Guilt about Child Being in Daycare
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Guilt about Child Being in Daycare
I would love to hear from parents who have older children (Age
5 and up through young adult) who put their children in full
time daycare when their children were infants and/or toddlers.
I have been on medical leave from work for the better part of a
year and am going back full-time in August. I will be putting
my one-year old and two-year old in full-time (7 1/2 hours a
day) home based daycare. They have both gone on and off part-
time for the past 4 months and the older one went full-time
from age 4 months through 1 year. The home daycare I have is
very warm and nurturing and came highly recommended. I'm just
curious if any parents who've had babies in full-time daycare
noticed anything about their children's development,
personalities, relationship with parents that may have been a
negative result of daycare. I realize that young children (age
0-2) are better off with mom or dad at home for bonding
purposes. Of course that makes sense, but how bad is it when
you put them in daycare full-time? I can't afford a nanny and
am not sure I'd prefer that option anyway. I've considered the
pros and cons of working versus not working and staying home
with my babies. But I can't account for how damaging the
missing bonding time might be for them and me. I realize every
child is different and every family has different circumstances
that weigh in. I'm just looking for some insight. Thanks for
any help, advice!
concerned and guilty feeling mom
Perhaps it is your opinion that children from birth to two should
stay home with a parent, but for many families that is not an
option. Besides, I would lose it if I stayed home full time with
my two young children. They are well adjusted and I am completely
happy with their home daycare situation. I am so tired of the
polarizing debate over staying home with your kids versus working
outside the home. Do what works for your family (or in many cases
do what is economically necessary) and respect the choices of
others who may choose differently.
A Huge Fan of Quality Daycare
My just turned 5 year old son has been in daycare full time since he was
old. To be honest with you, I don't have any negatives to report. My son
well-adjusted, and was highly socialized from an early age. He doesn't
siblings, and he has always loved spending his days playing with other
fact, the only possible downside is that he finds being home alone
and always wants to be with others. This is sometimes mildly annoying,
learn to read soon enough and that problem will take care of itself ;-)
I remember those feelings of guilt, but daycare has been a wonderful
us. We have moved *twice* since he was a baby, so he has been in a total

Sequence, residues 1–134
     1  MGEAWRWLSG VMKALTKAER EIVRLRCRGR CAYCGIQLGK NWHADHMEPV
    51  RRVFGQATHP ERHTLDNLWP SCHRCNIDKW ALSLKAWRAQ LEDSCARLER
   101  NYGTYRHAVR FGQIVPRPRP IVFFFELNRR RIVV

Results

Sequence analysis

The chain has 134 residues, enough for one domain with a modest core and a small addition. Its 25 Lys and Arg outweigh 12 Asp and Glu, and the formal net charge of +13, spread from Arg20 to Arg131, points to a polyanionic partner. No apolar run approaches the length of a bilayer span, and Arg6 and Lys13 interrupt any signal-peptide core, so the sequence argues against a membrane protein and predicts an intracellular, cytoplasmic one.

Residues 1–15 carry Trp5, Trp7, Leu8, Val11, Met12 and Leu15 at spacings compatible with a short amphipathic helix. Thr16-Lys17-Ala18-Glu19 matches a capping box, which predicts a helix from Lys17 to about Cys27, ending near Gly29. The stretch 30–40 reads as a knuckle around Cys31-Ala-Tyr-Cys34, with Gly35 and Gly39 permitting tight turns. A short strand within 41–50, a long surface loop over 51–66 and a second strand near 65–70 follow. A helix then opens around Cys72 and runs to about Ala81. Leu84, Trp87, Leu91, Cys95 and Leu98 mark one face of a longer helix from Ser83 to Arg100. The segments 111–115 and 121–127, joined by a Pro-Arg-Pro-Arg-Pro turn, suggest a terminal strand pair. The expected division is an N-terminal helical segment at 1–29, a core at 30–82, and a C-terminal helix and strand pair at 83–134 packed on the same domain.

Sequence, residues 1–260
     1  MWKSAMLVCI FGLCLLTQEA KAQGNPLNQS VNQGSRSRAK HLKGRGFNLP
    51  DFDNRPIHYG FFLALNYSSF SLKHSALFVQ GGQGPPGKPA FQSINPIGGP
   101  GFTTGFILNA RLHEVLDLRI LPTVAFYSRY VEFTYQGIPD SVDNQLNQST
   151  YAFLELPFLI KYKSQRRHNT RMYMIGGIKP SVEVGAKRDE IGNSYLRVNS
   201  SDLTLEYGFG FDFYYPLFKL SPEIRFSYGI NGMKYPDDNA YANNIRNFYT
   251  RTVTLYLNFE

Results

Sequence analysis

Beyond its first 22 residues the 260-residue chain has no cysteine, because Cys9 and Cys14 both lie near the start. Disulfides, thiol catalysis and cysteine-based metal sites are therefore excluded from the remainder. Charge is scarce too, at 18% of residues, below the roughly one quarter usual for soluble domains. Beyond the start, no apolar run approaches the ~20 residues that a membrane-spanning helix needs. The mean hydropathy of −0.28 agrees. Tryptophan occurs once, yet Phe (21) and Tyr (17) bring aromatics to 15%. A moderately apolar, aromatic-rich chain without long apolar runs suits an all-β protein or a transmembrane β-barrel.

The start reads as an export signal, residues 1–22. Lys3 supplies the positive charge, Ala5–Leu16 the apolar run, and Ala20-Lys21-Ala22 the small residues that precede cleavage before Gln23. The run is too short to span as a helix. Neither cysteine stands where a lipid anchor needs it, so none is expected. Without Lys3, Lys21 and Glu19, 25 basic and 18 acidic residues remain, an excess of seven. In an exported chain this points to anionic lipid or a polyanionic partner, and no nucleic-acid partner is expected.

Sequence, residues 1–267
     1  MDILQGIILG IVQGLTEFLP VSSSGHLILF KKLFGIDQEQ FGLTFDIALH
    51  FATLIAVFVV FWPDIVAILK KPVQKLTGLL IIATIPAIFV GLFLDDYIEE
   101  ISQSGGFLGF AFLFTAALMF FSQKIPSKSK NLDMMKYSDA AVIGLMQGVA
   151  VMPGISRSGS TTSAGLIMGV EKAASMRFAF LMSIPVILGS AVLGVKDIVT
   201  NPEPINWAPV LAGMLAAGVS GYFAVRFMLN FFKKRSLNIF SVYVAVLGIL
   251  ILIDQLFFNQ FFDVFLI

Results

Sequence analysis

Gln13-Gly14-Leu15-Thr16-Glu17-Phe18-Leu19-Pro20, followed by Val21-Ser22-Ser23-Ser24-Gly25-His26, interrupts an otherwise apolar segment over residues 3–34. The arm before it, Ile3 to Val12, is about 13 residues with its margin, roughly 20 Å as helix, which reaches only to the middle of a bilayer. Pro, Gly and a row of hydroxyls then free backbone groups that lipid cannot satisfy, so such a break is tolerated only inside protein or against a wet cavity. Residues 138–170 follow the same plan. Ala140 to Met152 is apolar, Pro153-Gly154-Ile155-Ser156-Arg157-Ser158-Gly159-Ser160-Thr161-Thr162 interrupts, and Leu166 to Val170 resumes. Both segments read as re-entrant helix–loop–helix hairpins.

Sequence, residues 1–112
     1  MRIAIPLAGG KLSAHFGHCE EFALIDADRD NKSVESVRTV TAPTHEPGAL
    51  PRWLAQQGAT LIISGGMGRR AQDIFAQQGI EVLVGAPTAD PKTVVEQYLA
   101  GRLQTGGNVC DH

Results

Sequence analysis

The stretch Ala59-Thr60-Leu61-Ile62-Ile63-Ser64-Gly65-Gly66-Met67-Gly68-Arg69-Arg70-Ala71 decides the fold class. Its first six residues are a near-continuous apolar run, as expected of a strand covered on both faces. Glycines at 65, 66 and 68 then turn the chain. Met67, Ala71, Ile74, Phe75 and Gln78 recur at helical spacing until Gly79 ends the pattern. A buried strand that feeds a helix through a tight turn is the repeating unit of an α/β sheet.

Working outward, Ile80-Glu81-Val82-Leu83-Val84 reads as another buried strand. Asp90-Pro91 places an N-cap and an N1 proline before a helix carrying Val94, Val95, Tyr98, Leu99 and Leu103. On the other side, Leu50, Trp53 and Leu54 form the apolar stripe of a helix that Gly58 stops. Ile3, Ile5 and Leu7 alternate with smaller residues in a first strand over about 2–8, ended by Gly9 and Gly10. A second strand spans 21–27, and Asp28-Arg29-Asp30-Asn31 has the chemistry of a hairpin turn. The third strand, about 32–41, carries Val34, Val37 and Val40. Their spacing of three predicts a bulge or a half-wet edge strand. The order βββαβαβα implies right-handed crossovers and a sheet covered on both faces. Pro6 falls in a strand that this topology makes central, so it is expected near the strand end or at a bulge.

different places and he has always made new friends easily. Yes, it is
hard to leave
them at first, but soon enough they can't wait to get there and they
don't want to
leave when you pick them up. He is perfectly well attached to me and my
He is comfortable expressing himself and asking for what he needs.
In other words, your guilt will go away very quickly when you see how
are. I love my job and I don't worry about my son at all during the day.
He is happy
and so are we.
Choosing work doesn't make you a bad parent.
I'm sure you'll get lots of first hand accounts, but I wanted to share
with you an abstract from a reputable peer-reviewed journal
to add to the mix. If you want the full study, go to a Univ's library
and find this citation: Bornstein & Chun-Shin. Infant childcare
settings and the development of gender-specific adaptive behaviors.
Early Child Development and Care. Vol 177(1), Jan 2007, pp.
In this study, we defined three distinct groups based on the infant's
principal childcare experience: infants reared exclusively at home by
their mothers, infants reared in their own homes but by a non-familial
childcare provider, and infants reared in non-familial homes in group
care. At 4.5 years of age, we compared mothers' and teachers'
independent views of the communication, daily living, socialization and
motor adaptive behaviors of girls and boys with these different infant
childcare histories, after taking multiple family selection factors into
consideration. Boys who had other-home-group-care in infancy expressed
lower levels of overall adaptive functioning, as well as communication,
daily living and socialization skills, than girls [note that the finding
is lower than GIRLS, not lower than boys at home with mom]. Girls with
other-home-group-care in infancy had better adaptive daily living and
socialization skills than girls who had maternal care. Different infant
childcare experiences appear to predict different adaptive behaviors in
boys and girls.
So, according to this study anyway, there's reason to think the commonly